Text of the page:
Environmentally Friendly Synthesis of Biobased Plastic from Lignin Derived Building Blocks to Replace Poly(ethylene Terephthalate) (PET)
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The resources of petroleum are decreasing, and new ways have to be found of producing all the energy and chemicals that today are based on petroleum. An alternative to petroleum is renewable biomass, where lignocellulosic biomass comprises the largest amount. This biomass contains mainly cellulose, hemicellulose and lignin. One of the products that is usually derived from petroleum is poly(ethylene terephthalate) (PET). This is a common type of plastic, which among other things, is used in food containers and clothing. It is produced from terephthalic acid, which is derived from petroleum, and ethylene glycol, which can be derived either from petroleum or from biomass. An environmental friendly alternative to PET is of great interest. A biobased alternative to PET has previously been investigated by developing a synthetic route to poly[4-(2-hydroxyethoxy)-3-methoxybenzoic acid] from the potentially biobased vanillic acid in a two-step synthesis via 4-(2-hydroxyethoxy)-3-methoxybenzoic acid. This provides the foundation of this thesis, where the synthetic route will be adopted and adjusted. The overall results produced the desired monomer after some adjustments to the method. The monomer synthesis provided lower yields than published in the literature. A detailed analysis and elucidation of the product showed a pure product of the desired monomer. In this thesis, a new method of polymerization is tested. As the stirring needed to be increased, the procedure was executed in a rotary evaporator. This method gave indications of a better degree of polymerization, as well as being easier to handle from a laboratory technical point of view. By comparing the results of the polymerization to the results found in literature, a higher yield was achieved. The analytical results were somewhat different, as some parameters could not be determined. The values that were found gave a close proximity to the literature values. A close proximity was found to the thermal properties of PET, thus supporting the possibility of replacing this polymer commercially with renewably based chemicals.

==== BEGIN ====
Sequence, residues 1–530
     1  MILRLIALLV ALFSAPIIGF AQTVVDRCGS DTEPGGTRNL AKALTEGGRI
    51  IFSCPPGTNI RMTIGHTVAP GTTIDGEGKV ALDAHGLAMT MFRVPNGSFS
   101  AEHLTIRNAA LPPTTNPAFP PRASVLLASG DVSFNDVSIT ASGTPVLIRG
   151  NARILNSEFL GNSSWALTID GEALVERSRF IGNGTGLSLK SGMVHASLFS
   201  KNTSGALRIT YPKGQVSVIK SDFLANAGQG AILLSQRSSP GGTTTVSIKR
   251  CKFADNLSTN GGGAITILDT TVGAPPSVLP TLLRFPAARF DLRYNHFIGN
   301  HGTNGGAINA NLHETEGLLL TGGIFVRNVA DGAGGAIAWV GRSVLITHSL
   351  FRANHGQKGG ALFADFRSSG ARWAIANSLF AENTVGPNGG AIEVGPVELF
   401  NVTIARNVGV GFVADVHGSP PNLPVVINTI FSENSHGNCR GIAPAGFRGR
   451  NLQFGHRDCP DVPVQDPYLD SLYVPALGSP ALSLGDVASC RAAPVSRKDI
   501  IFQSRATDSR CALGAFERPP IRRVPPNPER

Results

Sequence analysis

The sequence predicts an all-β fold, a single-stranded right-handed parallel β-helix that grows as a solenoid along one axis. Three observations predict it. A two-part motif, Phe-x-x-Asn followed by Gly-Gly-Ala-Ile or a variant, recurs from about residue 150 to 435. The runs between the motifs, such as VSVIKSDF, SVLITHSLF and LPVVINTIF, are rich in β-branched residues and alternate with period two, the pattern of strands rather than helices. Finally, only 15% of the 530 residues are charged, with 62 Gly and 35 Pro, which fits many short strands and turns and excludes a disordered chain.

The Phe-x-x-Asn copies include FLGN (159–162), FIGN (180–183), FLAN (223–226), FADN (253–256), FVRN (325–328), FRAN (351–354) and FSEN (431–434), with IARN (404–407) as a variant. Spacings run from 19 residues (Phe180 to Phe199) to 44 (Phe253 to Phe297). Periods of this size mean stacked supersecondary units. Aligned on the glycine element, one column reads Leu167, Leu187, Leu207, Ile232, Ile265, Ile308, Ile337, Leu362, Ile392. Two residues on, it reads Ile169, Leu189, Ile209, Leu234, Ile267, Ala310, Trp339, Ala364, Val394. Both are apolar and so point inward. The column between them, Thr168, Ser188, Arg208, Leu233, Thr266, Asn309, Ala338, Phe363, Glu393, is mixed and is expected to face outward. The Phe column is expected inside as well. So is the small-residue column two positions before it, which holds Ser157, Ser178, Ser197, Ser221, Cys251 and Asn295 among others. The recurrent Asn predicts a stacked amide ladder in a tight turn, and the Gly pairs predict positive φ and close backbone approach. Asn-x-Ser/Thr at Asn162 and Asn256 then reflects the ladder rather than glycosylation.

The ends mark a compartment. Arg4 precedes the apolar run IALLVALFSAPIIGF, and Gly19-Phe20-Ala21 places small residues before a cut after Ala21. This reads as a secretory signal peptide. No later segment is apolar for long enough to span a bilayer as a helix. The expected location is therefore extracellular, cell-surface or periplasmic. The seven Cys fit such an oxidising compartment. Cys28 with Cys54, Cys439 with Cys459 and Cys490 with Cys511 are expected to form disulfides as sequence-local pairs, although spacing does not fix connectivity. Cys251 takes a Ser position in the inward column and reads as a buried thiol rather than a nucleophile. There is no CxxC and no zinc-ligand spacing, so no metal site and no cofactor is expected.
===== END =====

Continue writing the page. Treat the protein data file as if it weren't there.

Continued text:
PublisherThe University of Bergen
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